Henry David Thoreau
Maples and Birches
by Joseph Holmes
The Adventures of Henry Thoreau
A Young Man's Unlikely Path to Walden Pond
The Maine Woods
Transcendentalism: Essential Essays of Emerson & Thoreau
Henry David Thoreau and Nineteenth-Century Science
Delphi Complete Works of Henry David Thoreau
"An Insect View of Its Plain"
Insects, Nature and God in Thoreau, Dickinson and Muir
is a common saying among country people that if you eat much fried
hasty pudding it will make your hair curl. My experience, which was
considerable, did not confirm this assertion.
Horace Hosmer was picking out to-day half a bushel or more of a different and better kind of cranberry, as he thought, separating them from the rest. They are very dark red, shaded with lighter, harder and more oblong, somewhat like the fruit of the sweet-briar or a Canada red plum, though I have no common cranberry to compare with them. He says that they grow apart from the others. I must see him about it. It may prove to be one more of those instances in which the farmer detects a new species and makes use of the knowledge from year to year in his profession, while the botanist expressly devoted to such investigation has failed to observe it.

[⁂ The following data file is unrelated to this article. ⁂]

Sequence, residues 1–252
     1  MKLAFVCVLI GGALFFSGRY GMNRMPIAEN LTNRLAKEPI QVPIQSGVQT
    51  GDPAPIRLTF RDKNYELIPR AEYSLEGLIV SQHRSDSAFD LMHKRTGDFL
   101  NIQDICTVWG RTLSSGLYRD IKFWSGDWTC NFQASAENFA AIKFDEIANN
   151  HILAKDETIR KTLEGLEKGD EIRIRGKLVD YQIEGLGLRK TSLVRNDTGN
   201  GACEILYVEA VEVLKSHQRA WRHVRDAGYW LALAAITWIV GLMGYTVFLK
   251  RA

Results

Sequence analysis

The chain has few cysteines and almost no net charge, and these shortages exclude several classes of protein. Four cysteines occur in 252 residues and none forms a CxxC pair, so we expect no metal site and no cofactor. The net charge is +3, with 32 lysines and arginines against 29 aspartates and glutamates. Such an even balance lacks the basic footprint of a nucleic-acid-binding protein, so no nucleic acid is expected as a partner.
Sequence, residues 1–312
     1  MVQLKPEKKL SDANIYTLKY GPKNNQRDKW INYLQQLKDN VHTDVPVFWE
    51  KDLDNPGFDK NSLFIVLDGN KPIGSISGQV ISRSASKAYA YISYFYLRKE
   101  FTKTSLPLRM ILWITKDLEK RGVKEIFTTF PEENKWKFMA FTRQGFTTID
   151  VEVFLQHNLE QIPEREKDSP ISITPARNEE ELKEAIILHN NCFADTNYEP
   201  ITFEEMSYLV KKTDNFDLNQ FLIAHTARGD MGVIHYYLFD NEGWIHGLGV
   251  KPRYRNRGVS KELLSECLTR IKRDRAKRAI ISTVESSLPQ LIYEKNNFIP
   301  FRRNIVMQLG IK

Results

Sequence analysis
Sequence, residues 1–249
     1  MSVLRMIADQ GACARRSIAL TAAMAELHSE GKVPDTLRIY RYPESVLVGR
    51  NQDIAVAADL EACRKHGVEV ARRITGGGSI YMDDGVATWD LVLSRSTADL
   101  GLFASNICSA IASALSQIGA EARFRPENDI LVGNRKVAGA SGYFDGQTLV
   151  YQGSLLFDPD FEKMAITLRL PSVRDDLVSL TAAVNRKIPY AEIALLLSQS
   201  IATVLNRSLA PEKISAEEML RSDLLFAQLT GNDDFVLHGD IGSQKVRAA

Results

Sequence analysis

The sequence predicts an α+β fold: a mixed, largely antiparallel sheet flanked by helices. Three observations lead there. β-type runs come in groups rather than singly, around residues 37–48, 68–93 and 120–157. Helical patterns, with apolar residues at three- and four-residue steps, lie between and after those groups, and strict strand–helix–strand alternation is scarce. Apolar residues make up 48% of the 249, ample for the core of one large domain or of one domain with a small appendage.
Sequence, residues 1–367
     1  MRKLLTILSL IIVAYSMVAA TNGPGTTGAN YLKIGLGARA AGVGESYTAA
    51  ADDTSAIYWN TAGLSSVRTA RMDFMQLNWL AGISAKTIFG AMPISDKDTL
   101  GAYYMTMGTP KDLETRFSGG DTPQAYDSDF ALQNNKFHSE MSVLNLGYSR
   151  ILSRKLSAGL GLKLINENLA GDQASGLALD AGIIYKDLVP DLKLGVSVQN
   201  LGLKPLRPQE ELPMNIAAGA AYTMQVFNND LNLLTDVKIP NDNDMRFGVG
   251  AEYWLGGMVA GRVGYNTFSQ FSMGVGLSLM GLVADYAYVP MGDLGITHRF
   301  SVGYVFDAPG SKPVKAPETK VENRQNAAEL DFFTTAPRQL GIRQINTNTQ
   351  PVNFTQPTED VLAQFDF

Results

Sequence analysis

The farmer, in picking over many bushels of cranberries year after year, finds at length, or has forced upon his observation, a new species of that berry, and avails himself thereafter of his discovery for many years before the naturalist is aware of the fact.
It is often the unscientific man who discovers the new species. It would be strange if it were not so. But we are accustomed properly to call that only a scientific discovery which knows the relative value of the thing discovered, uncovers a fact to mankind.
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